SENATOR Grace Poe is not qualified to run either for President or vice president in the 2016 national elections because she does not meet the residency requirement, United Nationalist Alliance (UNA) interim president and Navotas Rep. Toby Tiangco said on Tuesday.
At a news conference, Tiangco showed a certificate of candidacy (CoC) supposedly filed by Poe when she ran for senator in 2013 as proof that the senator could not pursue her political ambition in next year’s elections.
“The constitutional requirement for vice president and President is 10 years,” Tiangco said, citing Article 7, Section 2 of the 1987 Constitution.
He quoted the provision in full: “No person may be elected President unless he is a natural-born citizen of the Philippines, a registered voter, able to read and write, at least forty years of age on the day of the election, and a resident of the Philippines for at least ten years immediately preceding such election.”
But Tiangco said Poe’s CoC showed that she had been a Philippine resident for only six years and six months before election day on May 13, 2013. Thus, she would only be a resident for nine years and six months by May 2016, six months short of the constitutional requirement.
“Six years and six months plus three years equals nine years and six months... You can’t argue with the number,” Tiangco said, noting that Poe herself attested to that fact when she signed her 2013 CoC.
“By her own declaration, in her own sworn statement, she herself says that she is not qualified in 2016,” he added, noting that a CoC was a public document and should only contain the truth because lying would constitute perjury.
Tiangco also took a swipe at Poe’s earlier remark that the country needed a leader with honesty rather than a leader with experience.
“If the issue of honesty is that important to her, she should’ve been honest to the people that she isn’t qualified to run.”
Although Poe was born and educated in the Philippines, she has spent most of her adult life in the United States, where she studied at Boston College.
Sought for comment, Poe’s camp said the senator returned to the country in late 2004 following the death of her father, actor and then opposition standard-bearer Fernando Poe Jr.
“The fact remains that Grace Poe and her whole family permanently resided in the country soon after FPJ died in December 2004 to [provide] company to the grieving widow Susan Roces,” said Nelson Victorino, Poe’s chief of staff.
She decided to return permanently to the Philippines after her adoptive father, movie actor Fernando Poe Jr., died in 2004 after losing the presidential election of that year to former President Gloria Macapagal-Arroyo.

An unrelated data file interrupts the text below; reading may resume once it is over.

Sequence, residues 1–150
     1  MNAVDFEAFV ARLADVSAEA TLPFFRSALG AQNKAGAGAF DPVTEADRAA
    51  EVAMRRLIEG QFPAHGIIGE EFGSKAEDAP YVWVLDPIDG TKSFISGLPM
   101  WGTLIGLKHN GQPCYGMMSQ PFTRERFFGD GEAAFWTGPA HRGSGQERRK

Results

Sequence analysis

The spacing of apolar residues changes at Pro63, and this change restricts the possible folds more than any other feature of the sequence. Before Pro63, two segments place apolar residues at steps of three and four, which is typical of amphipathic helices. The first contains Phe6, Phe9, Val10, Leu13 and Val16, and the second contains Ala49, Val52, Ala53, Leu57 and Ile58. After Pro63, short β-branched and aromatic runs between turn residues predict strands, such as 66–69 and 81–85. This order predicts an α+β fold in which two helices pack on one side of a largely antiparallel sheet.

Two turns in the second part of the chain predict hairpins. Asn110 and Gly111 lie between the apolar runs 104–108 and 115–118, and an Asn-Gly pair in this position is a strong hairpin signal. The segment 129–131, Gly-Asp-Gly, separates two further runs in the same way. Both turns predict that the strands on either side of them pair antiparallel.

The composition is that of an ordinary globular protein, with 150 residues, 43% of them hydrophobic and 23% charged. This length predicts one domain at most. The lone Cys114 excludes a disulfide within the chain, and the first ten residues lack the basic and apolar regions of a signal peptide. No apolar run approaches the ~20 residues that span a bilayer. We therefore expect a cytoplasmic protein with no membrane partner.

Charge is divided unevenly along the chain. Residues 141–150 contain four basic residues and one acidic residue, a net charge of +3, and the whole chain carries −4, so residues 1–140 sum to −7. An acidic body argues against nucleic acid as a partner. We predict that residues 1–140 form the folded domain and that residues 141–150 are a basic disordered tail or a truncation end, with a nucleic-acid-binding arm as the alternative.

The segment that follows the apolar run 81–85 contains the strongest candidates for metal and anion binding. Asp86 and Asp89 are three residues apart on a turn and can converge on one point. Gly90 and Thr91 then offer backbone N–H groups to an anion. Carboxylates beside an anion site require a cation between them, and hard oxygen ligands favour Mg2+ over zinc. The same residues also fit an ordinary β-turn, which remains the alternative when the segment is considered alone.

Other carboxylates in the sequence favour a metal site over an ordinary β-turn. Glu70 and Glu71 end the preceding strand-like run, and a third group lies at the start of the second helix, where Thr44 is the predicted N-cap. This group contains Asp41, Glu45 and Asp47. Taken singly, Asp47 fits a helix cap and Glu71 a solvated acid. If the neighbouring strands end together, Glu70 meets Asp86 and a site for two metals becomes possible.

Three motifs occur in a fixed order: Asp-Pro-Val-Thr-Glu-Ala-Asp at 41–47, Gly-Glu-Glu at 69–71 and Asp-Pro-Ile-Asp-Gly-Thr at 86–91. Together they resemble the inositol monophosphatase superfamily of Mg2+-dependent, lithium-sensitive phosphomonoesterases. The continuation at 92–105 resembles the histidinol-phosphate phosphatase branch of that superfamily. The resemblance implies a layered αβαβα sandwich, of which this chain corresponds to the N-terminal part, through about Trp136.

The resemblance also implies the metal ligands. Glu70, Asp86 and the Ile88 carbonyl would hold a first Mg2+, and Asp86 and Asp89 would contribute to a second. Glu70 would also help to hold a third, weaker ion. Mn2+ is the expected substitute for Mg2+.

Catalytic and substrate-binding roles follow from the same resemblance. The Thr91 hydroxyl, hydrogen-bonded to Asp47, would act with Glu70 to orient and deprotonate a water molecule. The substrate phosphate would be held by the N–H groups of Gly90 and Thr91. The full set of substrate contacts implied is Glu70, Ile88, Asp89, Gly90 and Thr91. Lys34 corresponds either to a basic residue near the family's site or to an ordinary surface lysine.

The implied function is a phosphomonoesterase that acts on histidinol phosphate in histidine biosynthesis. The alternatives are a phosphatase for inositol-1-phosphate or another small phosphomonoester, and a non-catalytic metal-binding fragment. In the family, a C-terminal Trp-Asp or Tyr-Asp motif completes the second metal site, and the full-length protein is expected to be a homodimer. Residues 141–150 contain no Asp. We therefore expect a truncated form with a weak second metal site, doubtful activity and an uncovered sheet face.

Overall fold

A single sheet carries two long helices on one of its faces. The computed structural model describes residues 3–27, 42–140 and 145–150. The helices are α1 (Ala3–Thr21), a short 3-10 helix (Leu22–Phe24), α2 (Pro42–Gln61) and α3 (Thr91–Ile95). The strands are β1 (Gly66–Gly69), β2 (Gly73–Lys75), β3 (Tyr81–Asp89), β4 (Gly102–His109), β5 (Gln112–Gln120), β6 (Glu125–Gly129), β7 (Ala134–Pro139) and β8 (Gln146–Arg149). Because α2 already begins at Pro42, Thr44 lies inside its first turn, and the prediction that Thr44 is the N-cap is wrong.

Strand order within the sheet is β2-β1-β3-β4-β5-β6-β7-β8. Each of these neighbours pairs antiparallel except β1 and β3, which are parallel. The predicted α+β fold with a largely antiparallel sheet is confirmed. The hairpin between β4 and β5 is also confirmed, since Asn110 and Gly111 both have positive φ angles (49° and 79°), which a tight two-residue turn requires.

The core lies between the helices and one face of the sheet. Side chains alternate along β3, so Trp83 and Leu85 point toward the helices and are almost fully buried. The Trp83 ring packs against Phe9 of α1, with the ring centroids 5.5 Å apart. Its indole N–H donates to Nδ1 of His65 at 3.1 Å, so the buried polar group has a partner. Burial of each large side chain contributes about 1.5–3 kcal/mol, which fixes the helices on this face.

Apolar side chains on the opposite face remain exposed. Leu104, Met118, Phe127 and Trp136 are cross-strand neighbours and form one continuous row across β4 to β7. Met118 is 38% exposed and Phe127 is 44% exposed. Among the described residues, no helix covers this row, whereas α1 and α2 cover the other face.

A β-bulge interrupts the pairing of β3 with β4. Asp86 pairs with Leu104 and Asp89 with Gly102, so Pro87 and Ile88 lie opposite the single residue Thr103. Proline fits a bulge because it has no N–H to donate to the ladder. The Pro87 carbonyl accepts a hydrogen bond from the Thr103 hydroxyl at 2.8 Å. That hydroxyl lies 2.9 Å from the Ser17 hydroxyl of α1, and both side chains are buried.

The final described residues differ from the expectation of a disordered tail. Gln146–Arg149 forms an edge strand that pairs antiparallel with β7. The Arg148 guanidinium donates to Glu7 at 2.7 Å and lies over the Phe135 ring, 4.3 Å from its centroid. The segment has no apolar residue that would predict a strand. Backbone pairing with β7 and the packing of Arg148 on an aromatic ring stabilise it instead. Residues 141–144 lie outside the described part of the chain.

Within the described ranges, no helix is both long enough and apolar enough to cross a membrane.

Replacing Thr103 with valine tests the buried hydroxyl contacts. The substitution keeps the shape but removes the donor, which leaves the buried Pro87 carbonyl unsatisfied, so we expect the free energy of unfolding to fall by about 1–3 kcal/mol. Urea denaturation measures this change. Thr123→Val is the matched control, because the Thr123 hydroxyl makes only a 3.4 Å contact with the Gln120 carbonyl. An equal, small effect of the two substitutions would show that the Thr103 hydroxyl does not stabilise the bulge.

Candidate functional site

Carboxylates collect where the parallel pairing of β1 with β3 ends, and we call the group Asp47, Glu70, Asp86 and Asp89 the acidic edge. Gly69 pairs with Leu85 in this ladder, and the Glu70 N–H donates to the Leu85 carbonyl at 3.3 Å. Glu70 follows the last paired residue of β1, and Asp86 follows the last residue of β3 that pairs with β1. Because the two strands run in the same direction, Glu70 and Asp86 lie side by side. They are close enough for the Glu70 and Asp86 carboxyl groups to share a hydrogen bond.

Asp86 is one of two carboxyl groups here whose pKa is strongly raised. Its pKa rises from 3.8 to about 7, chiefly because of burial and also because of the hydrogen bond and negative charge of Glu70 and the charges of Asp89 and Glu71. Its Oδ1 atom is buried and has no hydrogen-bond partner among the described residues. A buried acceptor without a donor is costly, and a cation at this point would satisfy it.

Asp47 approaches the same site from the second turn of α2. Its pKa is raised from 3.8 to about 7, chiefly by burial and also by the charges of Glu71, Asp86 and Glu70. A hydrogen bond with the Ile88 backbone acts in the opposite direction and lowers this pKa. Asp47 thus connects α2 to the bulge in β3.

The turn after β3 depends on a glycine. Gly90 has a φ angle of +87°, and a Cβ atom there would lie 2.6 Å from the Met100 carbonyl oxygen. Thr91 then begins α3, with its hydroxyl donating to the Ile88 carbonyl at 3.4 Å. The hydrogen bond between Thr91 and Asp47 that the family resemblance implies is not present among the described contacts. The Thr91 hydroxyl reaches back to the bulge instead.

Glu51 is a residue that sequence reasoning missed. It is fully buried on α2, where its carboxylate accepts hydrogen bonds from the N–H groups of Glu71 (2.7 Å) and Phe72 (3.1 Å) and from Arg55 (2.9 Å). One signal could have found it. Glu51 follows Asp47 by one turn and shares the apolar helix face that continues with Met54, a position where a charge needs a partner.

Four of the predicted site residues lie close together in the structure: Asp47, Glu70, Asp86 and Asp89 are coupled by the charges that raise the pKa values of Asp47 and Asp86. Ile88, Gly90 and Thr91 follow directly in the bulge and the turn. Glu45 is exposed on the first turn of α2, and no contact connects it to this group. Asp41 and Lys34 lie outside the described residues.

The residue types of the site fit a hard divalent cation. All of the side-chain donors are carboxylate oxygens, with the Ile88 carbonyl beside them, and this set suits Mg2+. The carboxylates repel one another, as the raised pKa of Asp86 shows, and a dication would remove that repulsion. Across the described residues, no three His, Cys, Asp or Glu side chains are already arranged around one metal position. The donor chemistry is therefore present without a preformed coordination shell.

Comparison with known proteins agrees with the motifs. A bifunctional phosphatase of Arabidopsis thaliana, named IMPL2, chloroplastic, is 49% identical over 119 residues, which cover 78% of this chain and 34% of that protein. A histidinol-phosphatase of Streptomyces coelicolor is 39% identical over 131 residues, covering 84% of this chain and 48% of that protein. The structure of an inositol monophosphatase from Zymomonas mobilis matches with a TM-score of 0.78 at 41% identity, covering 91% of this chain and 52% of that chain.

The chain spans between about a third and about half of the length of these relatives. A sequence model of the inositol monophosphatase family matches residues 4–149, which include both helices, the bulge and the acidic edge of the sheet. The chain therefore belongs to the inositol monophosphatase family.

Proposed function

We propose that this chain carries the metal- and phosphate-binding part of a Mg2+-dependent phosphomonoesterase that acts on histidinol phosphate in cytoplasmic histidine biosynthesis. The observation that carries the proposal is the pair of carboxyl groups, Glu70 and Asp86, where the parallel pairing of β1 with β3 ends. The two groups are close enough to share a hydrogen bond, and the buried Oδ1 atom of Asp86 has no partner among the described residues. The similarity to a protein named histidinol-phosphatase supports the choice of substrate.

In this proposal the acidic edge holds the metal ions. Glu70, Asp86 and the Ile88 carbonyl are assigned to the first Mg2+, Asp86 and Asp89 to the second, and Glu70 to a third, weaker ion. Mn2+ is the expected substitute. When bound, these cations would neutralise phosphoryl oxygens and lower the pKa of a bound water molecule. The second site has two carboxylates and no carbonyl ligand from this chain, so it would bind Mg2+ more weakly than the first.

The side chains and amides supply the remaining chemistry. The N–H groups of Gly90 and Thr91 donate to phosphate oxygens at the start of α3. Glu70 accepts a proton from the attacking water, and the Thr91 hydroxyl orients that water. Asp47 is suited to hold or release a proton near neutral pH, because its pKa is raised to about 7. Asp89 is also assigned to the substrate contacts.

Poe has always maintained that her father was cheated of the presidency and entered public service in the 2010, when President Benigno Aquino III appointed her chairperson of the Movie and Television Review and Classification Board.
She served two terms at the MTRCB until she filed her candidacy for senator in September 2012.
She ran with funding from the Team PNoy coalition, although she officially ran as an independent and was also a guest candidate of UNA along with Senators Loren Legarda and Francis Escudero. She topped the 2013 senatorial election in her first bid for public office.
Both UNA and the Liberal Party have been actively persuading her to join their ticket in 2016 because of her performance in 2013 and in presidential preference surveys.
But on May 30, Poe appeared to have closed the door to the Binay camp after she signed the Senate Blue Ribbon subcommittee’s recommendation that plunder charges should be filed against Vice President Jejomar Binay, UNA’s presumptive presidential candidate, over the alleged P2.7 billion overpricing of the Makati City Hall parking building.
Poe was among the four signatories to the draft partial report which also suggested the filing of similar charges against the Vice President’s son, Makati Mayor Jejomar Erwin Binay and others, including former and incumbent Makati City officials.
Asked why UNA revealed Poe’s certificate only now, Tiangco said Binay is too much of a gentleman to bring the matter up. “The Vice President is very polite. When I told him about (the issue of residency), he said let it come from other people,” Tiangco said.
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